Interactions of forest disturbance-recovery dynamics with a changing climate

Wednesday, 16 December 2015: 13:55
2008 (Moscone West)
Kristina J Anderson-Teixeira1, Adam David Miller1, Alan J. Tepley1, Amy C Bennett1,2 and Maria Wang1, (1)Smithsonian Institution, Front Royal, VA, United States, (2)University of New Mexico Main Campus, Albuquerque, NM, United States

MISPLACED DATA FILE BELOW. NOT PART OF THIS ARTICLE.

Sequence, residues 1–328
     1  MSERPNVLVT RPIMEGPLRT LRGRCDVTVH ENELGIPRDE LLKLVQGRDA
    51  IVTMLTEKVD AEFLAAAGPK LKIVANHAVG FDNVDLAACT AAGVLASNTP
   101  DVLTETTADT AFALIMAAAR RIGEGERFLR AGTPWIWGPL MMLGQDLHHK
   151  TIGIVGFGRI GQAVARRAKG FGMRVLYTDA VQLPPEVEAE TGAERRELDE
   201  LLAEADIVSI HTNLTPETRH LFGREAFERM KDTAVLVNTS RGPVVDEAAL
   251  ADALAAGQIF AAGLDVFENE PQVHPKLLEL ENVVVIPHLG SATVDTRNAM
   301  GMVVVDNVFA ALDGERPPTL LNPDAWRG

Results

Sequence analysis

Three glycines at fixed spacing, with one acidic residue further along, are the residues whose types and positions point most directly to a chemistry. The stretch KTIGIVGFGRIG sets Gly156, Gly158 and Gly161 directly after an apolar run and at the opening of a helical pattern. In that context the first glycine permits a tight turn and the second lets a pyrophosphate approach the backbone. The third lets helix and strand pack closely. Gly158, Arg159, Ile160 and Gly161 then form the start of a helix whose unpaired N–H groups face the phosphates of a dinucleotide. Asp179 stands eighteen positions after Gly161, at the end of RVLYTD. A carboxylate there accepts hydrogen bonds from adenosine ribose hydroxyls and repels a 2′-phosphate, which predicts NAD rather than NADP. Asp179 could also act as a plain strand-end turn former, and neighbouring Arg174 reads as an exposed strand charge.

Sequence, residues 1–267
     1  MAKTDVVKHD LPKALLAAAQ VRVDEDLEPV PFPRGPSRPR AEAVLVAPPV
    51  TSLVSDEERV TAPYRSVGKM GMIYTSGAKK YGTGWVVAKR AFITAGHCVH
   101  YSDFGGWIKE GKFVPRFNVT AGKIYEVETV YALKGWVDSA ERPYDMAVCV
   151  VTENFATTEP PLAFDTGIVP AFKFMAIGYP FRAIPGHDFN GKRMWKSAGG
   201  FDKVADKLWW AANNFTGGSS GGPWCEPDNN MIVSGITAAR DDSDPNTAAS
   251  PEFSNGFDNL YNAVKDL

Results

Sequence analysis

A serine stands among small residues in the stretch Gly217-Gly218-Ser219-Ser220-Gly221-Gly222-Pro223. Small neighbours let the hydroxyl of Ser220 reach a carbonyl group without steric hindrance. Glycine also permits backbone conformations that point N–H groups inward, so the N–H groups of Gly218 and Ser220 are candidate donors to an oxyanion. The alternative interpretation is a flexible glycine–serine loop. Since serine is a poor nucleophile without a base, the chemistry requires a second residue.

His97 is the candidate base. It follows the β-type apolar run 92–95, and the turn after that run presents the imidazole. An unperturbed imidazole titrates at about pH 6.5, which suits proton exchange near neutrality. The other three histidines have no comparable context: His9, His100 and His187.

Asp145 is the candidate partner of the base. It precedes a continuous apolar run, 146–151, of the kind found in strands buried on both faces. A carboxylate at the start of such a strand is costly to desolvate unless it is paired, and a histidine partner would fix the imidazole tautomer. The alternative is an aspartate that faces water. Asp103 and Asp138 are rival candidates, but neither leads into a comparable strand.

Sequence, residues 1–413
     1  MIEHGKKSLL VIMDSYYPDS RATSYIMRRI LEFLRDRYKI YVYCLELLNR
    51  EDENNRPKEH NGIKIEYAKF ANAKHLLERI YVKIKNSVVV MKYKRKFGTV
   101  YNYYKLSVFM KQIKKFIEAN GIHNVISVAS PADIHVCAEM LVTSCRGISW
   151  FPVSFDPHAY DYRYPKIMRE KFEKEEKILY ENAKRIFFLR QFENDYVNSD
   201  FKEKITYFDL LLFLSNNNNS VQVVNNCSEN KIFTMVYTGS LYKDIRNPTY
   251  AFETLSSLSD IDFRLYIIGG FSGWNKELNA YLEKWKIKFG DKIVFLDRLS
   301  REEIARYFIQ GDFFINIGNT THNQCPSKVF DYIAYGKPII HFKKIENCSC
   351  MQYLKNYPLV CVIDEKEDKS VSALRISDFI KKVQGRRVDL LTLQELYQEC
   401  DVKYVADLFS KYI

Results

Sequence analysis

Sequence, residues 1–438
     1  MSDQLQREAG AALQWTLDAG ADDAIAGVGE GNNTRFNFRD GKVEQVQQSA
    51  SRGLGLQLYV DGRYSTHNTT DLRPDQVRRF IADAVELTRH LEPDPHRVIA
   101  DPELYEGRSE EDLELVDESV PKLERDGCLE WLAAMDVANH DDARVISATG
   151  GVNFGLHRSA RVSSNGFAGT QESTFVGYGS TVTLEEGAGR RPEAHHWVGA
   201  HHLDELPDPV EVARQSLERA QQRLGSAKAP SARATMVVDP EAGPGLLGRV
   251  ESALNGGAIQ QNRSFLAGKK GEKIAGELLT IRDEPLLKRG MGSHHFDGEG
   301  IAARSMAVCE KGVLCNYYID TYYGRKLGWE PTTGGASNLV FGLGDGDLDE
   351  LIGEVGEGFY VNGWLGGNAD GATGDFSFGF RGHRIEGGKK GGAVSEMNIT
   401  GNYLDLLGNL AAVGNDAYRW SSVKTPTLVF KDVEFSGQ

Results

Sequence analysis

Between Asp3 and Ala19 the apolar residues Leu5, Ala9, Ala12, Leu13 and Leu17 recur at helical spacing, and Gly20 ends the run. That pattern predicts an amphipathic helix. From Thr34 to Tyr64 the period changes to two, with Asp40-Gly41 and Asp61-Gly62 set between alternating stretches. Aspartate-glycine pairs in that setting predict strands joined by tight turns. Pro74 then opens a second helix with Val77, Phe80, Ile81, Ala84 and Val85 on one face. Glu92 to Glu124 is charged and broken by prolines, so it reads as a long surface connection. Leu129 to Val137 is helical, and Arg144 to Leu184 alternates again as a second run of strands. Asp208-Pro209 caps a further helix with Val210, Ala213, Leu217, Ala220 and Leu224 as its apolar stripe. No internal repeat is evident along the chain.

As the climate changes, altered disturbance-recovery dynamics in forests worldwide are likely to result in significant biogeochemical and biophysical feedbacks to the climate system. Climate shapes forest disturbance events including tree mortality and fire, with consequent climate feedbacks. For instance, in forests globally, drought increases tree mortality rates, having a stronger impact on larger trees and resulting in greater feedbacks to climate change than would occur if drought sensitivities were equal across tree size classes. Forest regeneration and associated biogeochemical and biophysical feedbacks are also shaped by climate: across the tropics the rate of biomass accumulation is faster in everwet than in seasonally dry climates, and in the Klamath region (N California / S Oregon), post-fire vegetation dynamics and microclimate are shaped by aridity. Forest recovery dynamics will be affected by elevated CO2 and climate change; for instance, models predict that forest regeneration rate, successional dynamics, and climate feedbacks will all be altered under elevated CO2. In combination, climatic impacts on disturbance and recovery can result in dramatic shifts in forest cover on the landscape level. For instance, in fire-prone forested landscapes, forest cover decreases with increasing frequency of high-severity fire and decreasing forest recovery rate, both of which could be altered by climate change, producing rapid loss of forest on the landscape level. Such effects may be amplified by the existence of alternative stable states, which can cause systems to experience non-reversible changes in cover type. Critical transitions in landscape-level forest cover would have significant biogeochemical and biophysical feedbacks. Thus, altered disturbance-recovery dynamics under a changing climate may have sudden and dramatic impacts on forest-climate interactions.